Types of negative self-talk


There are 4 main types of negative self talk according to the research:


  1. Filtering

  2. Personalizing

  3. Catastrophizing

  4. Polarizing


Filtering is the act of being hyper focused on one aspect of your life and magnifying it while ignoring other pieces of the pie.


For example, think back to a day (maybe it’s today!) that you had a “bad” meal. Maybe your life got a little too crazy and you needed to get a quick meal for the kids between social events in the afternoon. You might have chosen some fast food and got a burger and some fries because you were stressed and not prepared for the day.


Afterwards all you can focus on is how you ate the burger and fries. However you forget about your past 4 meals being filled with plenty of vegetables, good protein, healthy fats and smart carbohydrates.


By filtering out the positive choices you’ve made and focusing solely on the 1 bad meal you had, you invite feelings of guilt, blame and even depression into your life.


Think about it - if you had a friend who did the same thing...what would you say to them? Would you scold them for giving in and having a fast food meal or would you help them focus on the good that they have been doing?


I’d hope it’s the latter or you might not have many friends!


What you can do: When these moments happen try jotting down the things that are going well. Give yourself some grace and you will find that in most cases you have far more good things to stand on rather than the one bad meal. Think more about the glass being half full rather than half empty!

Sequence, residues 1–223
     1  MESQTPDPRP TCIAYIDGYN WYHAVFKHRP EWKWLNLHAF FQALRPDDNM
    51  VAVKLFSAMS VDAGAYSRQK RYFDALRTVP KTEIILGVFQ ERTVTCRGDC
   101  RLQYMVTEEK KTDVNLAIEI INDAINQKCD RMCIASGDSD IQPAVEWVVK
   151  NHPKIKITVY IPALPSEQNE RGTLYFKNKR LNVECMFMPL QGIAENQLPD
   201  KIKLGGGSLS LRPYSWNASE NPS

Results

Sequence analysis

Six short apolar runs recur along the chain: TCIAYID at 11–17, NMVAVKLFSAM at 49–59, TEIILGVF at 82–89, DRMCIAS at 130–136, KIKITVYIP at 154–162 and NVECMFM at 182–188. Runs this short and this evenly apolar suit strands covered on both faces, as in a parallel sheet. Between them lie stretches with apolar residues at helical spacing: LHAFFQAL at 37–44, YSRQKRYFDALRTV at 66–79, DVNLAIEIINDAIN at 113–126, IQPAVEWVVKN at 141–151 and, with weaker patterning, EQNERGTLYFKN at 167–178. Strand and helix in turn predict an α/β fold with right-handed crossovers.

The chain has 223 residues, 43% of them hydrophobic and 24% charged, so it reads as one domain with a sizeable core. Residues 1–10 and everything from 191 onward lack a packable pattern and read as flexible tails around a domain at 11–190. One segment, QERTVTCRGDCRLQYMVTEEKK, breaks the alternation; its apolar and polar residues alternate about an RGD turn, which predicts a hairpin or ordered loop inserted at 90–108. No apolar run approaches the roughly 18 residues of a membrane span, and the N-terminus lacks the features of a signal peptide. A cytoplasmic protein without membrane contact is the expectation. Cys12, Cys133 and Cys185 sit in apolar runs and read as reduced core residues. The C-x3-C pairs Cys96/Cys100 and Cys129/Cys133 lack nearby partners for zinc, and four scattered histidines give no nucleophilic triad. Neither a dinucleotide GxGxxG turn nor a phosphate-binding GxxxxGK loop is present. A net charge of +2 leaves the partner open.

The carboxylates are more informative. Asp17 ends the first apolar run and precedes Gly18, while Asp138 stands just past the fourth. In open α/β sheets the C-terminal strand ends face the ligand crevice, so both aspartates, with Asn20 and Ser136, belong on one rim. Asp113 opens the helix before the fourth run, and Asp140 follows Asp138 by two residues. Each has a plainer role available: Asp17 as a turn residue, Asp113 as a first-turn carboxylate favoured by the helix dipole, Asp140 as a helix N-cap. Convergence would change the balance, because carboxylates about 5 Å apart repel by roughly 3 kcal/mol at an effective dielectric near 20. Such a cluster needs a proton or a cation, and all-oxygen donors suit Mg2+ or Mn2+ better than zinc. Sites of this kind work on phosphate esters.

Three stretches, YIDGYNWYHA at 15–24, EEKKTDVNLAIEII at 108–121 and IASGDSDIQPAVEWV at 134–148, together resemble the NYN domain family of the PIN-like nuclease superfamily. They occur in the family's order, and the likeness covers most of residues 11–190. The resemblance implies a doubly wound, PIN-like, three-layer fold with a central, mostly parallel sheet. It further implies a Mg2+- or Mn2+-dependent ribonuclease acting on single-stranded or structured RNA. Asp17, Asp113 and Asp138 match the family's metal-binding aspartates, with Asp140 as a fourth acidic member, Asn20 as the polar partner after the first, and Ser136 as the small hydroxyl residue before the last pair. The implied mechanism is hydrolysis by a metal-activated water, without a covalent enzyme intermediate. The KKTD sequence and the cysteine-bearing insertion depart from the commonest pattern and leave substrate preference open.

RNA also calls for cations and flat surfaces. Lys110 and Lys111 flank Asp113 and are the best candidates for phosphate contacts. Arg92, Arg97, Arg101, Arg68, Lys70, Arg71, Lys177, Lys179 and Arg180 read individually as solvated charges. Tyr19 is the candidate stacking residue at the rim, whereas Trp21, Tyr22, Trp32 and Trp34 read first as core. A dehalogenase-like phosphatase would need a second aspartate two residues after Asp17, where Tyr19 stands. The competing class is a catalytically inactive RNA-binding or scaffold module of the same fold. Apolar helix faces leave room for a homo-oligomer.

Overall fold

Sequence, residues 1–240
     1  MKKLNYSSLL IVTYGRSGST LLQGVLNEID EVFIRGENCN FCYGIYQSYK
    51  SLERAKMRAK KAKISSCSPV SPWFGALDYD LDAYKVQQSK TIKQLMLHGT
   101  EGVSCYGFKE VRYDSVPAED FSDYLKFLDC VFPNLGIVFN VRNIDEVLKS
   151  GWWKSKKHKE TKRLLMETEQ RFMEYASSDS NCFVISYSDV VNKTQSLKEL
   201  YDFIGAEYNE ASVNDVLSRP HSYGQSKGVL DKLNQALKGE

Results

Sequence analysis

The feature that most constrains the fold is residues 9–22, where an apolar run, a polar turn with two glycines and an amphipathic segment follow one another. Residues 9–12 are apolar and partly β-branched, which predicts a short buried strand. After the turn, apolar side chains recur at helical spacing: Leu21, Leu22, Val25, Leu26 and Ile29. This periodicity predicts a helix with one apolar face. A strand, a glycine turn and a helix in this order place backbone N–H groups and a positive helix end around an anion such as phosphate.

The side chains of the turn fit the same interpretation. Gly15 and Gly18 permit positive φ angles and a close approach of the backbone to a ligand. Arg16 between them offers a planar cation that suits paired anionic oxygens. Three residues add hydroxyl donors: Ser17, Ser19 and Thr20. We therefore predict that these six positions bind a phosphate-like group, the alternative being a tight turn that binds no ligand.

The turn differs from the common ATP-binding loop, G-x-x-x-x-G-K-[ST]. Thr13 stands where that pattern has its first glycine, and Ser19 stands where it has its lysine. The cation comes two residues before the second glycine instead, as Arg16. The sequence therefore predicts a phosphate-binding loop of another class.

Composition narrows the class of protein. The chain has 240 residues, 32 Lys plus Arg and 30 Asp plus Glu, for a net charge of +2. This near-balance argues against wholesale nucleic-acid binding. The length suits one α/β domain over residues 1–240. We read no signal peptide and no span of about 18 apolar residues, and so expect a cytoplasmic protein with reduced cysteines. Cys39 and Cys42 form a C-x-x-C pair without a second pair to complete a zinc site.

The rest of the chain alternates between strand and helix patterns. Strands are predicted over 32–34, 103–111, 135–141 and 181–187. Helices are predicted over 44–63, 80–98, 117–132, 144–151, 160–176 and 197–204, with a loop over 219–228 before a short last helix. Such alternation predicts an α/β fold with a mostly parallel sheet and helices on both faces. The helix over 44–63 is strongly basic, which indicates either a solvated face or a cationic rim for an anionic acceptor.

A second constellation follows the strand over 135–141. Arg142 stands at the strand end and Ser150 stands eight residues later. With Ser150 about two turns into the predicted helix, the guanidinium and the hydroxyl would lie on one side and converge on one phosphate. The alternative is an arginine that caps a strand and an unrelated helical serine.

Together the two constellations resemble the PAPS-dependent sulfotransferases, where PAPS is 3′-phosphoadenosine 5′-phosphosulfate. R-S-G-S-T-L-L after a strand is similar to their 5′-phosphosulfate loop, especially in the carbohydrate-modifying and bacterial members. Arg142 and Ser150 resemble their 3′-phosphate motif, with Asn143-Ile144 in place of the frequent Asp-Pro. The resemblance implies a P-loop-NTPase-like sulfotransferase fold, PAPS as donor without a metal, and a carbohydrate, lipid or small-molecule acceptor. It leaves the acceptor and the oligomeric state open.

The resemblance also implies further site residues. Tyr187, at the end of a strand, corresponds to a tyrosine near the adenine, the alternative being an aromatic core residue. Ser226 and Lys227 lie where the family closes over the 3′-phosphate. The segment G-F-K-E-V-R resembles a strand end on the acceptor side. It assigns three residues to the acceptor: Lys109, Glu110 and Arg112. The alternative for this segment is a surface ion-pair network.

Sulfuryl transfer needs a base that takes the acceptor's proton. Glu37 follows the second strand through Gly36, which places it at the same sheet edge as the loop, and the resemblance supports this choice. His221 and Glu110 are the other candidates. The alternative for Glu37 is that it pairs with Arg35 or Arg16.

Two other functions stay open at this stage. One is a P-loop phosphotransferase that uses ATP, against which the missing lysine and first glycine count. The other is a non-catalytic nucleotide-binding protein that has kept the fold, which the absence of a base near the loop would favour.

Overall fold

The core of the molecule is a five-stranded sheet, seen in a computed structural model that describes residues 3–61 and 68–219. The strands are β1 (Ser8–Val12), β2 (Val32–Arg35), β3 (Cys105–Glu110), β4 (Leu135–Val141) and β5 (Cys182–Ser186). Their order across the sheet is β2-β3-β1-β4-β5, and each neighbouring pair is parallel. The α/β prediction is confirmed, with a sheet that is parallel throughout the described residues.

The next type of negative self talk is Personalizing. In this you are always putting yourself in the position of blame. You embrace the mantra “It’s not you...it’s me”


For example - if a friend cancels lunch plans on you, you might think “I guess they really didn’t want to eat with me because I’m not good company”. In reality this friend just had something come up and was unable to make it even though they really wanted to see you.


We become experts at making ourselves the scapegoat, we make it about our own deficiencies rather than see the event more objective.


What you can do: Take a moment to step back and reflect on what is really going on. You know that this friend cares about you - what might be other reasons why they had to cancel? Ask yourself…


  • ”Is there any evidence to support this thought?”